If you see a person walking around on Friday, Sept. 27 in a classical helmet with feathers sticking out the top, don’t mistake them for the school’s Spartan mascot; it is classics professor Evelyn Adkins.
The ancient Roman helmet makes an appearance on this one day every year: Classics Day. Classics Day started in 2017 as a way to connect the classics resources of University Circle with the Greater Cleveland area. This year, five high schools with classics or Latin departments and over 100 students will be coming to the Case Western Reserve University campus. The event is sponsored by the CWRU Department of Classics, the Baker-Nord Center for the Humanities, the Cleveland Museum of Art (CMA) and a grant from the Classics Everywhere organization.
As Adkin describes, “the classics will come to life.” Rather than sitting in a classroom hearing about ancient civilizations, cultures and languages, students will be living them. The CMA has partnered with CWRU to make this possible. Here, students will have guided tours showing them artifacts, themes of mythology and the concept of the afterlife in Ancient Egypt. Students will also have the opportunity to get hands-on experience. There will be two sessions available where students can actually hold artifacts, bringing the abstract idea of these long-gone civilizations into a concrete reality. Unfortunately, Adkin will not be allowed inside the galleries in her getup, as she might be mistaken for art.
CWRU is also participating in the activities. Students have the opportunity to talk, dress and see the world as people did a thousand years ago. They will go on a Latin scavenger hunt, having to read clues in the ancient language. They will have the opportunity to make their own Roman stola, a long, draping garment worn by women in ancient Rome. They will also take a trip over to the Freedman Center for Digital Scholarship in Kelvin Smith Library to use virtual reality goggles.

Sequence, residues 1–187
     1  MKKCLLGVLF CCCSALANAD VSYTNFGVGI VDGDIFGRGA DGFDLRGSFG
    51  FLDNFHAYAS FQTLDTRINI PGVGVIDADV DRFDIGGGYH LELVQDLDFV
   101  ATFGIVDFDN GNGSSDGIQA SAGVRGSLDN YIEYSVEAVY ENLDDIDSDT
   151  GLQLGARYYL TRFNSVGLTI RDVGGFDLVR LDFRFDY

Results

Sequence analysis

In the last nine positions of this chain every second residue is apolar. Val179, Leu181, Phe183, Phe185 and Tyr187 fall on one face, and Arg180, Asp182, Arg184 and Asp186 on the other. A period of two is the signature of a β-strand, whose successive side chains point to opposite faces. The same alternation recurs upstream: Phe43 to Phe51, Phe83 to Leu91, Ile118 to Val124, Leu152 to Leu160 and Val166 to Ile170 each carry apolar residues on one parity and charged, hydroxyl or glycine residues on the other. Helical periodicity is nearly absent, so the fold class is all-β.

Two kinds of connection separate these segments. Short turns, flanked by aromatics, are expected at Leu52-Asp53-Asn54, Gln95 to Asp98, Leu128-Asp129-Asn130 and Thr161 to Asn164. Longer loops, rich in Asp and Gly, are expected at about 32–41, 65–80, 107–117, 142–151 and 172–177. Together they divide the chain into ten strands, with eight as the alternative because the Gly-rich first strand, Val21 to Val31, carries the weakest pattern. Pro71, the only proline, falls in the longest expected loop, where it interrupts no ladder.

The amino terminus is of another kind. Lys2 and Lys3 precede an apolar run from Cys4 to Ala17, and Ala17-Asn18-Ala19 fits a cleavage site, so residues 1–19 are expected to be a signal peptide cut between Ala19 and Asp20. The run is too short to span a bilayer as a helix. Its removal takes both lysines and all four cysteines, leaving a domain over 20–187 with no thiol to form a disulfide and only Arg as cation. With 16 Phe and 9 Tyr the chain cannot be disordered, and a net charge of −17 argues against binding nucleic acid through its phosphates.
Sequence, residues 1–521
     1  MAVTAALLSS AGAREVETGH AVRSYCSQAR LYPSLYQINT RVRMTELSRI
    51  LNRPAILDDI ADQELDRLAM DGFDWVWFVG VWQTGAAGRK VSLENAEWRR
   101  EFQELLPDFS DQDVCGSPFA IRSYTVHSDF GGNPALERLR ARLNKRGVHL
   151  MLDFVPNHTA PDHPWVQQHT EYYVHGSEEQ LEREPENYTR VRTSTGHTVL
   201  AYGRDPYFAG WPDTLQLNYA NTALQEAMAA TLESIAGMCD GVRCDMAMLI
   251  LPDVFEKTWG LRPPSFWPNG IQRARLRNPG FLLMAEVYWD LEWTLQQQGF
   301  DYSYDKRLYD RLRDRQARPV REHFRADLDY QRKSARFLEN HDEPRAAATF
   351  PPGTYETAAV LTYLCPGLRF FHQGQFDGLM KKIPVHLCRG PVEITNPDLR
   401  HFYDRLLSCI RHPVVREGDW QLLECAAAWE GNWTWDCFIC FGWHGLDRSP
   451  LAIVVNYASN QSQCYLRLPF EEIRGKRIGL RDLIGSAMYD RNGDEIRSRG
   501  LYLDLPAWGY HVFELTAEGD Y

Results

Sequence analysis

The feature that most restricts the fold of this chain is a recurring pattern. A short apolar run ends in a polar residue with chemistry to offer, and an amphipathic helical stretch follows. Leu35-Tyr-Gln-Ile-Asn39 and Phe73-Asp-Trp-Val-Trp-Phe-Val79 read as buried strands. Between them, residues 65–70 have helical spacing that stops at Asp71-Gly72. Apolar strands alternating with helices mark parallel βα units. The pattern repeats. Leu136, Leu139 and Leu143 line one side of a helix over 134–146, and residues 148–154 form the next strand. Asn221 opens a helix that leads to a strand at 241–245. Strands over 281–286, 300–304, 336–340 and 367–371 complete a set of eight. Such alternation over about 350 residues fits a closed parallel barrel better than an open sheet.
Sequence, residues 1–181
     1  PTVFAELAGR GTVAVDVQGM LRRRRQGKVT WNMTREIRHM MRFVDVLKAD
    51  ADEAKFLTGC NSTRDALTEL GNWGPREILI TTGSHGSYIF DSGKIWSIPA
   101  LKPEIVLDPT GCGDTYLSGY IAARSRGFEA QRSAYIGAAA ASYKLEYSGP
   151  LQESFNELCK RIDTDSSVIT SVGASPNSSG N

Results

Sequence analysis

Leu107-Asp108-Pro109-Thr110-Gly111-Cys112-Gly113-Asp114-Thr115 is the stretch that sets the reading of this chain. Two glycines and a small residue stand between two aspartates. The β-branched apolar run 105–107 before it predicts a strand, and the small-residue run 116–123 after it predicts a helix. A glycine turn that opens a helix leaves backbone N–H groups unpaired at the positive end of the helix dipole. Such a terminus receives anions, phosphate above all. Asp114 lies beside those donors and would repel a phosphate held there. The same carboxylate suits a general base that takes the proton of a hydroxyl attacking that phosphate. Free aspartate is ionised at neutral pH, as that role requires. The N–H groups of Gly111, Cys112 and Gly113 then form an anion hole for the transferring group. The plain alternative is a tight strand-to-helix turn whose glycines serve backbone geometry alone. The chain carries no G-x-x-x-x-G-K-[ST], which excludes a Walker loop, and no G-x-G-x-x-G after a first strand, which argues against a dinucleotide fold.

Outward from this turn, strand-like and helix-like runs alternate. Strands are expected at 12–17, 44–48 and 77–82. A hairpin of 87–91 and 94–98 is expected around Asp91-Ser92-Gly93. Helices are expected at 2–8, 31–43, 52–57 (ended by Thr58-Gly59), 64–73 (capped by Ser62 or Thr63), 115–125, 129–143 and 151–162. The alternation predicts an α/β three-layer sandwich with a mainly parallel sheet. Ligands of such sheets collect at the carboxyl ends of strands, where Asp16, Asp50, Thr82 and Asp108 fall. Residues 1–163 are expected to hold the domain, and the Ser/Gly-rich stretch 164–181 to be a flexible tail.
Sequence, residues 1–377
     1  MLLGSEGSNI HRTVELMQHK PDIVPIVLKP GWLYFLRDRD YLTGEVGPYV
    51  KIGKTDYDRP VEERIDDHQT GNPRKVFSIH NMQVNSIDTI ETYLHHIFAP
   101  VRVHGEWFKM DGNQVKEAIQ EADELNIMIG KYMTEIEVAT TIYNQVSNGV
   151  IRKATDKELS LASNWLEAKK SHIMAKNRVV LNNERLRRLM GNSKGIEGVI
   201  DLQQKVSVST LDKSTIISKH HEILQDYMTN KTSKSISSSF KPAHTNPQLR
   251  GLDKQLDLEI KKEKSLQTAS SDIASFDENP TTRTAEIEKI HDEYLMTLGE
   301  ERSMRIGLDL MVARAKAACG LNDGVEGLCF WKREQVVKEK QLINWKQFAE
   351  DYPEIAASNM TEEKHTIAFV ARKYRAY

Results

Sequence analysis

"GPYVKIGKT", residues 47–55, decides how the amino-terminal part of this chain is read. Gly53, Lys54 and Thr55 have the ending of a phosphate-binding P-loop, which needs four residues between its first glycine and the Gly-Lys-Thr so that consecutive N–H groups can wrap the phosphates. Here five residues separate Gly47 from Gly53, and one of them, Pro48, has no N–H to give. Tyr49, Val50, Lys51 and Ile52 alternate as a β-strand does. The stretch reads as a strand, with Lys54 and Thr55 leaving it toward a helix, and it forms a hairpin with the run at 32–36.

These virtual reality goggles will transport them back in time to a village in Italy called Morgantina. Here they will be able to explore the ancient market place and read different facts about the city that appears all around them. Modern technology and ancient history will combine to create an amazing, interactive experience for students.
But, Classics Day does not just benefit the students—it brings together the Cleveland Classics community. As Adkin says, “It is nice to talk to the high school teachers. We all teach and love the same thing.” Everyone in the community has something to share. The high school teachers bring in their creative ideas of how to teach the classics and engage students. CWRU professors are able to provide research and materials to help bring these ideas to life. The CMA brings their knowledge of the arts and the physical artifacts that students can actually touch. This day functions to inspire and cultivate not only the students, but everyone.
Each person walking around on Friday in Roman stolas and ancient helmets believes that classics are still worth studying. For Adkin, classics have two purposes. First, it teaches students how to speak a different language, a skill crucial to brain development and understanding different cultures. But, she also believes that classics have a larger purpose. Adkin believes that the classics teach empathy and understanding by helping students get “a bigger picture of history and where we as individuals fit in it.”
On Sept. 27, this vision of classics will come alive at CWRU as students touch historic artifacts, wander through the village of Morgantina and finally leave the campus, waving from the bus windows in their Roman stolas.